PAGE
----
Art Project & Writing Extension + Skill Sheet:
These activities will be free through July 2011 and then they can be found in the shopping cart for only .99 cents. Teaching Heart.net is a cute site that also has some great suggestions and links for additional ideas on Chicka Boom and The Kissing Hand. Click on the link to check out Colleen's site; you'll be glad you did! She has some cute Back-To-School activities too.
- Elison has a die cut of the “I love you” hand print available. I use that and have my students glue it to the center of a ½ sheet of construction paper.
- They put a red heart sticker in the middle and then write under the hand: ________________ loves you.
- Because it is difficult at this early stage for them to copy this sentence from the board, I have it written on their paper so they can give it a shot, or simply fill in the blank with their name. Some of them can’t even write their name, so we just go with wherever they’re at.
- On the top of the paper I have written: We read The Kissing Hand today. Ask me to tell you the story about Chester the raccoon.
- If you don’t have access to the die cut have children trace their own hand, have children partner up and trace each other’s hands, or you and an adult helper go around and trace the children’s handprints.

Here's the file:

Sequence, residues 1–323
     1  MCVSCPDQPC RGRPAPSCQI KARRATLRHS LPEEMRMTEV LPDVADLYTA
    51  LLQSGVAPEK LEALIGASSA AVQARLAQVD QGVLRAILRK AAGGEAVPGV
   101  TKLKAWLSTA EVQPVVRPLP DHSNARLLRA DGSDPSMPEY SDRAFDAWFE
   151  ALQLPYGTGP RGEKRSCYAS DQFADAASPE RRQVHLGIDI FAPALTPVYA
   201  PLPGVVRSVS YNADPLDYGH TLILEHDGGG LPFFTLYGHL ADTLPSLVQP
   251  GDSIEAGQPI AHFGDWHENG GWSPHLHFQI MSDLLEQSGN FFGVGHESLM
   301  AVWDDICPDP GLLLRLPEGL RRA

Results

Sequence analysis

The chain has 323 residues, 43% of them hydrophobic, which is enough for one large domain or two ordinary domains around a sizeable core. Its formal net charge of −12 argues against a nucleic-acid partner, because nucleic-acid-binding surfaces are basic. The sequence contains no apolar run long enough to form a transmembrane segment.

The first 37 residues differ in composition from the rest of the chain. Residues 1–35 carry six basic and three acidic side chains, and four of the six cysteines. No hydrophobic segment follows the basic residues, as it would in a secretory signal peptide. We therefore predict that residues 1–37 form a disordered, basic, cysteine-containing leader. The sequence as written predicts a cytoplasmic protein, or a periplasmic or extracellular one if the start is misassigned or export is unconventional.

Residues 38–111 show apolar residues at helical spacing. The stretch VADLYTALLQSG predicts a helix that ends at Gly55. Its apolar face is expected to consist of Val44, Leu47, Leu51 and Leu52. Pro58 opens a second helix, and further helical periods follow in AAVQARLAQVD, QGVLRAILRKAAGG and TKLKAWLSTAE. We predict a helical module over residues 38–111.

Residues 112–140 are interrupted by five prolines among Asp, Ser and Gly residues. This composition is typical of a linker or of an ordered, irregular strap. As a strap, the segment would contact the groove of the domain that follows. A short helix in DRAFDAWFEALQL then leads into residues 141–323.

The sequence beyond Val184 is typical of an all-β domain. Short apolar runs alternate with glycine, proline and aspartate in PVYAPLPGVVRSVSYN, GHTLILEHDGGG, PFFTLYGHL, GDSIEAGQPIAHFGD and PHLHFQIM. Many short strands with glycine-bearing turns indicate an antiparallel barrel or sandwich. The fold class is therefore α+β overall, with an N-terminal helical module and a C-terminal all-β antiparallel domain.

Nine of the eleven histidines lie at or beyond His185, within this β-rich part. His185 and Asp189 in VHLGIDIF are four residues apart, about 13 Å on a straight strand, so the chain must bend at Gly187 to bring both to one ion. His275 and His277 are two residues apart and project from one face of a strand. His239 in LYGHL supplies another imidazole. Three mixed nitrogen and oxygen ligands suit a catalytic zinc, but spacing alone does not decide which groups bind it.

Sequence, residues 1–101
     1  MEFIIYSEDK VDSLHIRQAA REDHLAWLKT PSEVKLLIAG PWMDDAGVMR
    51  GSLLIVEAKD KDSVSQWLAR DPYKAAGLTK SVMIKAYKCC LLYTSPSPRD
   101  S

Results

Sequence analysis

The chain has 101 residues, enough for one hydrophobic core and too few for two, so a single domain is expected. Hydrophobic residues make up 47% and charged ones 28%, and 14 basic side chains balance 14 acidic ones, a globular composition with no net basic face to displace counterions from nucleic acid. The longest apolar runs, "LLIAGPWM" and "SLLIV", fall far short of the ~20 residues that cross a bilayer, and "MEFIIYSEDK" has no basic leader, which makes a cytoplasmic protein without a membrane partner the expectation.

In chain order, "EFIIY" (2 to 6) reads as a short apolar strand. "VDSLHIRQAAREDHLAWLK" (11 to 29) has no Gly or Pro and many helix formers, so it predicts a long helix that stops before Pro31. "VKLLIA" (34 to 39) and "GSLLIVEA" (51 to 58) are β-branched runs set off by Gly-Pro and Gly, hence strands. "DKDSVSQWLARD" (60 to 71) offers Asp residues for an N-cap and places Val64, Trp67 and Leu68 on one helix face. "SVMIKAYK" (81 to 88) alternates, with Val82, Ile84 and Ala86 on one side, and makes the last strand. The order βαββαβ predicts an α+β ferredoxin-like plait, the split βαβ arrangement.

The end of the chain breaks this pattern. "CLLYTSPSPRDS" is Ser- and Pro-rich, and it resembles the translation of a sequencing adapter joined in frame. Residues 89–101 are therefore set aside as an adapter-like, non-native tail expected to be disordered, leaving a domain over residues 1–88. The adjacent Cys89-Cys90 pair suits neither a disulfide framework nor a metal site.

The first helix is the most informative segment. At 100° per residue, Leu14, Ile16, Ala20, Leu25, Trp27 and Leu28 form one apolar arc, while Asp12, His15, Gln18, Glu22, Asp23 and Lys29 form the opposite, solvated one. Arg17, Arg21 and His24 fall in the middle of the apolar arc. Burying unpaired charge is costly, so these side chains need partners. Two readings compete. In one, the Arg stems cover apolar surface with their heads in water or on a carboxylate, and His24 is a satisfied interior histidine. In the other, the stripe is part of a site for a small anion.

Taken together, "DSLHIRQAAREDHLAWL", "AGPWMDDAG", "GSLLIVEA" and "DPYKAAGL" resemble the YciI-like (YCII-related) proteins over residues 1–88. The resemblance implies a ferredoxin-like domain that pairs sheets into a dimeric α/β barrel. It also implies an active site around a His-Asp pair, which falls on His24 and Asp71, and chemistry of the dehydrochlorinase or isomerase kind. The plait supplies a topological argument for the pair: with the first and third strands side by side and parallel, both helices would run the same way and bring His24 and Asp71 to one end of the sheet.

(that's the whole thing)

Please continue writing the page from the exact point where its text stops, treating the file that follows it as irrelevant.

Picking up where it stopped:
- Depending on how much time you want to spend on this activity, you can give the children a heart sticker to put in the middle of their hand like the picture in the story, or you can have them draw a heart and color it, or you can have them use my template and cut out a heart and then glue it on the paper, or you can pass around a tube of lip gloss and let them apply some to their lips with their fingers and then kiss their paper. My little girls LOVE doing this, but it’s “Ugh!” for the boys.
NEW Book Selections:
This month’s new book recommendations were purchased from Costco. They are only $8.49 so of course I had to buy them all. I didn’t feel too guilty though, because my mom sent me a check for my birthday. I have a personal library filled with books and it’s still one of my favorite gifts. I started “collecting” alphabet books even before I had a teaching job! I’m rather picky tho’ so if you see something listed in my “Books Of The Month” section, you know it’s top notch.
Publishers; Reader’s Digest Children’s Books
- IBSN #'s:
- Shapes: 978-0-7944-2042-0
- Counting: 978-0-7944-2041-3
- Alphabet: 978-0-7944-2043-7
Illustrated and Designed by: Maureen Roffey
Why I had to have them:
- They are unusual. I like different things that I don’t already have, that I know will grab my students attention.
- One only has to open any of these books and see the brightly-colored, very bold pictures of animals, shapes and numbers.
- Each has a special foldout flap that when flipped downward reveals a graphic representation of the letter, number, or shape. The letter is especially ingenious, as it is incorporated in some way with the original picture (Look at the sample photo of the alligator.)